Democratic vice presidential nominee Sen. Joe Biden acknowledges the crowd before speaking at the DNC. (Photo credit: AP)
The Delaware senator has accepted the nomination, House Speaker Nancy Pelosi tells the convention in Denver.
Obviously, Bill Clinton is a nightmare to us Republicans and he just gave a great speech at the Democratic National Convention.
He laid out certainly the fall campaign, but I have to say that just because he said he was a good commander-in-chief does not make it so.
Clinton also tried to compare criticisms of Obama's inexperience to what he faced in 1992. But at the time people were criticizing him when he was running, he had been a governor for 12 years. He had a very strong resume and was a nationally known Democrat.
I think the bottom line is he gave great lines, but that does not give Obama the Commander-in-chief credibility.
He has to prove it himself
DENVER (CNN) - John McCain has decided on his running mate and will officially reveal his pick Friday in Ohio, multiple sources tell CNN.
A knowledgeable Republican source says there was a big meeting of McCain's advisors today that helped settle the matter.
As John Kerry fulminates over supposed attacks by Republicans on Democrats' patriotism, I might remind readers that it was Bill Clinton who seemed to call into Obama's love of country when he said on the campaign trail in Charlotte, North Carolina:
“I think it would be a great thing if we had an election year where you had two people who loved this country and were devoted to the interest of this country. And people could actually ask themselves who is right on these issues, instead of all this other stuff that always seems to intrude itself on our politics.”
Bill Clinton acknowledges the crowd before speaking at the DNC. (Photo credit: AP)
Sure, Clinton was eloquent, but he also made an important political point that may serve as a guide to his fellow Democrats.
Watch: Bill Clinton's entire speech
John McCain is running as a maverick, someone who has defied the orthodoxy of this party. But look at this passage from Clinton's speech:
"As a Senator, he has shown his independence on several issues. But on the two great questions of this election, how to rebuild the American Dream and how to restore America's leadership in the world, he still embraces the extreme philosophy which has defined his party for more than 25 years, a philosophy we never had a real chance to see in action until 2001."
In other words, it's one thing to be a maverick on issues like campaign finance and immigration, but on the issues that matter to most people, McCain is a classic Bush Republican. I don't know if voters will accept this argument, but Clinton, as usual, made a clever and possible case.
DENVER (CNN) - John Kerry gave the speech Democrats wish he had given at his own convention four years ago. It was very tough: "how dare they..." suggest who is a patriot and who isn't. The surprise guest: Barack Obama's uncle, a World War II hero.
Bill Clinton delivered the best, most effective and most important speech since he left the White House. Not only did he offer up a rousing embrace of the Obama-Biden team, not only did he validate the qualifications and readiness of the Democratic ticket, but he was the first one at this convention to paint a bright, clear picture of the crucial choices voters face this November.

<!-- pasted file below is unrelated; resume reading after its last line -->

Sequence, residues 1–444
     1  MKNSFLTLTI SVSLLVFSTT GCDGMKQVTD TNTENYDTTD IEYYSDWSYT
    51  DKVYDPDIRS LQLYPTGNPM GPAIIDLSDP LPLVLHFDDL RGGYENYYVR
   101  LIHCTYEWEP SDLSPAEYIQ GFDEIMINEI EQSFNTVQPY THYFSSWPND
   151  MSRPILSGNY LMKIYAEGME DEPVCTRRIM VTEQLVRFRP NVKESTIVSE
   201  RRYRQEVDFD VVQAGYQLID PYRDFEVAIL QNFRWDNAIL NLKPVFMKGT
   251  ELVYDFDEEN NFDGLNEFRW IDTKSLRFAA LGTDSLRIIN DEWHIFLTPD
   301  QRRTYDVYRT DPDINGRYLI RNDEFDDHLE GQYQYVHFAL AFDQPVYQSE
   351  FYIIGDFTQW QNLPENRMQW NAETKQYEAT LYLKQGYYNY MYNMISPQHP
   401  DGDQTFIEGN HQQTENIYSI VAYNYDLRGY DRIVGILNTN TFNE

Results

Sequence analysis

Next week, we will hear a strong - and perhaps equally compelling - rebuttal from the Republicans. Everyone will want to weigh the arguments carefully.
But for the moment, the Democrats have the public stage, and Bill Clinton has just become a crucial force on behalf of Barack Obama and Joe Biden.
Finally, let me recognize that I am only a single person speaking. The people who count the most are really you, the voters. Would welcome your thoughts.
DENVER (CNN) - They played Bill Clinton's signature 1992 song as he walked into the convention center in 2008. The refrain: "Don't Stop Thinkin' About Tomorrow."
The other part of that refrain sticks out tonight: "Yesterday's gone, yesterday's gone."
Bill Clinton, not known for his self control, is still not over it.
It's been reported that he still resents the suggestion from Obama supporters that he played the race card during the rough and tumble Democratic primary. Perhaps that explains why, last week, he applauded John McCain's energy plan. Yesterday, Bill Clinton seemed to imply that voters could be forgiven for voting for a candidate they only agreed with fifty percent of the time, if they believed he was the candidate who could get things done. Could he have meant John McCain?
And now there are reports that Clinton, Bill that is, plans on skipping Obama's historic speech tomorrow at Invesco Field.
Bill Clinton gave a rousing speech tonight. That's not in question. It's what he's grumbling to his inner circle and coyly suggesting in unscripted remarks that's causing headaches - not to mention what can only be considered a Clinton-sized snub tomorrow night.
But is it all Clinton's fault? Barack Obama has not been exactly gracious about his predecessor's political accomplishments. Indeed, he told the Rena Gazette-Journal:
"I think Ronald Reagan changed the trajectory of America in a way that Richard Nixon did not and in a way that Bill Clinton did not."
In one line, Obama managed to diminish Clinton's genuine political accomplishments and compare him to perhaps the most hated figure in the Democratic Party - behind George W. Bush.